Perhaps one of the best stories this year was Scott Walker’s victory in his recall election. That election was prompted by Wisconsin passing a law that limited collective bargaining for some public-sector unions (most government employees, minus police and firefighters) and forced them to contribute more to their pensions.
Naturally, public unions threw a hissy fit at the thought that they would have to pay for their own benefits rather than forcing other people to pay for them—you know, government-backed robbery. They forced the recall election, but lost badly, and in the end it was perceived as a major blow to labor unions around the country. Not only did it deplete the Wisconsin unions’ coffers, it also damaged their image as a credible threat, and gave strength to more governors to fix their awful state budgets.
In retrospect, though, perhaps the big winner was Lawrence O’Donnell. Immediately after the results came in, O’Donnell proclaimed that the winner of the Wisconsin recall election was, bizarrely, Barack Obama. I derided him at the time, yet it turned out he was correct: Obama went on to win the 2012 presidential election, and took Wisconsin by 52% to Romney’s 46%.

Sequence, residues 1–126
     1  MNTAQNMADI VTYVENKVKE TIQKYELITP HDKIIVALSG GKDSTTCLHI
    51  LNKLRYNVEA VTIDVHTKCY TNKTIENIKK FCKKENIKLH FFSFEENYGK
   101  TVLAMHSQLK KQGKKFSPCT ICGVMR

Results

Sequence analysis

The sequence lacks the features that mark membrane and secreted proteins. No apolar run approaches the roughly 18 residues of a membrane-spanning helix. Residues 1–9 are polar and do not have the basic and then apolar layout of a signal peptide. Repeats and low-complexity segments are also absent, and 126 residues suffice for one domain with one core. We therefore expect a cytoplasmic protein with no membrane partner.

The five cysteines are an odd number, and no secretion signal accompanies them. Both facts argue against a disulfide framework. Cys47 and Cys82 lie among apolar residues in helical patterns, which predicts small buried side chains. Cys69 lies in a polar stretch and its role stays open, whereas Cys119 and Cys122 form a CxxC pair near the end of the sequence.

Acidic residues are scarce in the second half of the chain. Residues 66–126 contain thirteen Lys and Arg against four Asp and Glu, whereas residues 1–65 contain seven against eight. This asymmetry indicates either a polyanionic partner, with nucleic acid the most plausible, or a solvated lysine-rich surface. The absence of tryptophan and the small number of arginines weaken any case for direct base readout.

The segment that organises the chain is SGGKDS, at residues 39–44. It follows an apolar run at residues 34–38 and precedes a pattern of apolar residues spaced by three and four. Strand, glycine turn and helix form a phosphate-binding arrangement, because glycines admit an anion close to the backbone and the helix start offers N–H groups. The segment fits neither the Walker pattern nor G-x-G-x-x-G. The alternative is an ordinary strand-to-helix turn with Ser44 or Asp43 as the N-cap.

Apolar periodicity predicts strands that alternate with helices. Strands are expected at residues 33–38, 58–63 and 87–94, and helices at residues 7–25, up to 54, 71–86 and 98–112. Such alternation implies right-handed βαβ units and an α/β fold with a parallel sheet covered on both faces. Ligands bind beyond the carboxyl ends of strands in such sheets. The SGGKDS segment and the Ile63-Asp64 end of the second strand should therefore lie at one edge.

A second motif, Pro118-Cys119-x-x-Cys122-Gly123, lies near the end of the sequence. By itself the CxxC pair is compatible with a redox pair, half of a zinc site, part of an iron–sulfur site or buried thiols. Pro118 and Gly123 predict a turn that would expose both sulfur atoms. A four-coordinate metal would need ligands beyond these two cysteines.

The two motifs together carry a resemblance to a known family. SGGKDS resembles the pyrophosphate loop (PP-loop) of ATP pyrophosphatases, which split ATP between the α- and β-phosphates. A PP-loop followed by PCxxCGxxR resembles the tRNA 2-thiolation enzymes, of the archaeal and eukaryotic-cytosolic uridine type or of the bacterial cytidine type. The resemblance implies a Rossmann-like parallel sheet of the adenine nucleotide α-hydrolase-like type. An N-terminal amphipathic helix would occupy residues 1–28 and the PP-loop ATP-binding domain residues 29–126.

Despite that, though, Walker’s recall victory was a major victory for free market advocates and libertarians everywhere. Let’s hope we can continue the fight under Obama’s second term.
Everyone seems to be proposing fixes for our country lately, whether it’s amendments to repeal the First Amendment or ban gays or whatever. I have a few ideas of my own that I think will go a long ways towards restoring some sanity in government and fixing what’s wrong with our society. Some of these will require constitutional amendments, and I don’t expect the entire list to actually get enacted unless magic somehow returns to the world and we resurrect Barry Goldwater, F.A. Hayek, and George Washington all at once.